In addition, women are a third more likely than men to be employed on the basis of civil-law contracts in the service sector, catering industry and the hospitality industry, where such forms of employment are popular. This, however, limits their rights, especially in the context of dismissal rules and the leave entitlement. Parental benefits are available to those with permanent contracts.

Gender – a social diagnosis

Many Polish women do not work after childbirth (>>More ). In Poland, 54 per cent of women with a child aged up to 2 years are employed. In France this figure reaches 61 per cent, in Russia 71 per cent, and in the Netherlands and Denmark it exceeds 75 per cent. Much lower figures are found in the Czech Republic (20 per cent), in Slovakia (15 per cent) and

After rearing their children, some Polish mothers return to the labor market (65 per cent of women with children aged 3-5 years). This is, however, a much lower level than in the case of the leaders: 70 per cent of Czech women, 74 per cent of French women and four-fifths of Dutch, Finnish, Estonian, Danish, Slovakian and Russian women who have children of this age, are employed.

The reason for the lower professional activity is the lack of support in child-rearing. The results of an analysis by the CBOS (Public Opinion Research Centre) shows that among women who could count on the support of their parents, the likelihood of deciding on another child is more than three times higher than among those who cannot expect such support. The attitude of the partner is also important in the context of further reproductive life plans – a woman who could count on a partner’s involvement in child care is almost three times more likely to decide to have more children.

Lower activity, shorter career

In 2014, Polish women had a working life before retirement that was 5.2 years shorter than for men. This means that over their lifetimes, women worked less than 30 years and men about 35 years, on average. These differences are caused by breaks for raising children (once without, and today with paid parental leave), and by the possibility of early exit from the labor market. The retirement age for women is lower and will remain at 61 years until the end of 2016.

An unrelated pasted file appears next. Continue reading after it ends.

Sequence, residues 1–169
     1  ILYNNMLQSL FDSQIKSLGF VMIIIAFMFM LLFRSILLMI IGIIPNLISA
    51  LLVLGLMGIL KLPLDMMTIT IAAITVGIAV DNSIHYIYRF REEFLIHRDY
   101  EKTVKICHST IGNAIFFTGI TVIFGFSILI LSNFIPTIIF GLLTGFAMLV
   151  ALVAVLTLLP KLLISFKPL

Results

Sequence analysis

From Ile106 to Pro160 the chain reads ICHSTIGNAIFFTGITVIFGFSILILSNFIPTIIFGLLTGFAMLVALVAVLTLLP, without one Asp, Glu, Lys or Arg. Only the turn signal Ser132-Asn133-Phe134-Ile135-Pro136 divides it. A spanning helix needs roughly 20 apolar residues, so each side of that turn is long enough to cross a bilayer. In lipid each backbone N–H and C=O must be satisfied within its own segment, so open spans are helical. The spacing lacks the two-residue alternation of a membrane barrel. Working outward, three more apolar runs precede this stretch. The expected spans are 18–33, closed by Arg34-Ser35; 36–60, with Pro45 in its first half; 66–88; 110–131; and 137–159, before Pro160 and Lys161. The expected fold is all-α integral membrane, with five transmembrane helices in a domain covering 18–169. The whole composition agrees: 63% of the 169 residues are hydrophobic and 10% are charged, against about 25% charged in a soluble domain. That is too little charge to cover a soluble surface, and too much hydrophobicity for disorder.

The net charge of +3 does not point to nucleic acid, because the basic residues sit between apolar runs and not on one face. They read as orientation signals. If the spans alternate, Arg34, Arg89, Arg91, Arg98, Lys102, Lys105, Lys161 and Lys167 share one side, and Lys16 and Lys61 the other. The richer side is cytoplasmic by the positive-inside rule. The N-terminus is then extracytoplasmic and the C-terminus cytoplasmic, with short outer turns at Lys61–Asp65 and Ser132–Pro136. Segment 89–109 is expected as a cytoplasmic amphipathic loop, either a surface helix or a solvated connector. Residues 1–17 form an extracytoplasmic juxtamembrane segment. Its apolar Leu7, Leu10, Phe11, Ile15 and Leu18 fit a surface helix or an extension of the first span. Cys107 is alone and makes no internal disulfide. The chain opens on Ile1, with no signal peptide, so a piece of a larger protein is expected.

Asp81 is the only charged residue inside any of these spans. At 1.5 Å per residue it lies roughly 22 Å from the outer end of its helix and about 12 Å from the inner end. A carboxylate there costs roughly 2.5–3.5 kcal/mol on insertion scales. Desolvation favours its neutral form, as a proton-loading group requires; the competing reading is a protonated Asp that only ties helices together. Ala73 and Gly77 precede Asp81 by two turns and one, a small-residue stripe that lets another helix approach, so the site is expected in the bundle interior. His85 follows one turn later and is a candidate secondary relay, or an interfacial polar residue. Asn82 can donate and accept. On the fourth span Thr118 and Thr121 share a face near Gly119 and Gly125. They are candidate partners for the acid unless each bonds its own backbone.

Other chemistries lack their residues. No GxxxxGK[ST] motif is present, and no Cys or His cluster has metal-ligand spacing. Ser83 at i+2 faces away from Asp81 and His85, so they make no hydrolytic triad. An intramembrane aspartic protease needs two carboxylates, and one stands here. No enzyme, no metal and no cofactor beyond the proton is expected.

In the past there was also a possibility for women to retire at the age of 55, and many took this opportunity. Currently in the EU, the average difference in the length of a professional career between women and men is about the same as in Poland – 5.1 years. These differences are greater in the countries of the South – in Malta it is 13.7, in Italy 9.3, in Greece 7.4, and in Cyprus – 6.6 years. Lithuania is the only country where women work 0.1 years longer than men.

The length of professional career and remuneration – which is lower because women often work in different capacities and in different sectors than men – affect pensions, which tend to be lower. The average pension for women is about 61 per cent of pre-retirement salaries (calculated as the proportion of the benefits paid to pensioners aged 65-75 in relation to the earnings of working people aged 55-65). Men’s pensions are 70 per cent of their last earnings.

The difference between the pensions paid to men and women is 15 per cent in Poland, one of the largest gaps in the European Union. On average in Europe, men receive 5 per cent higher benefits than women. The biggest disparities are found in Spain, where female pensioners have about 30 per cent lower. In Cyprus, the difference is 27 per cent and in Italy it is 18 per cent. Interestingly, in the Netherlands women have pensions that are up to 20 per cent lower, which is most likely the consequence of part-time work.

In some countries, women even have a higher replacement rate than men and earn better than when they were working at around fifty years of age – that is the case in Estonia, Slovakia and Latvia.

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(Infographic Bogusław Rzepczak)

What after the reforms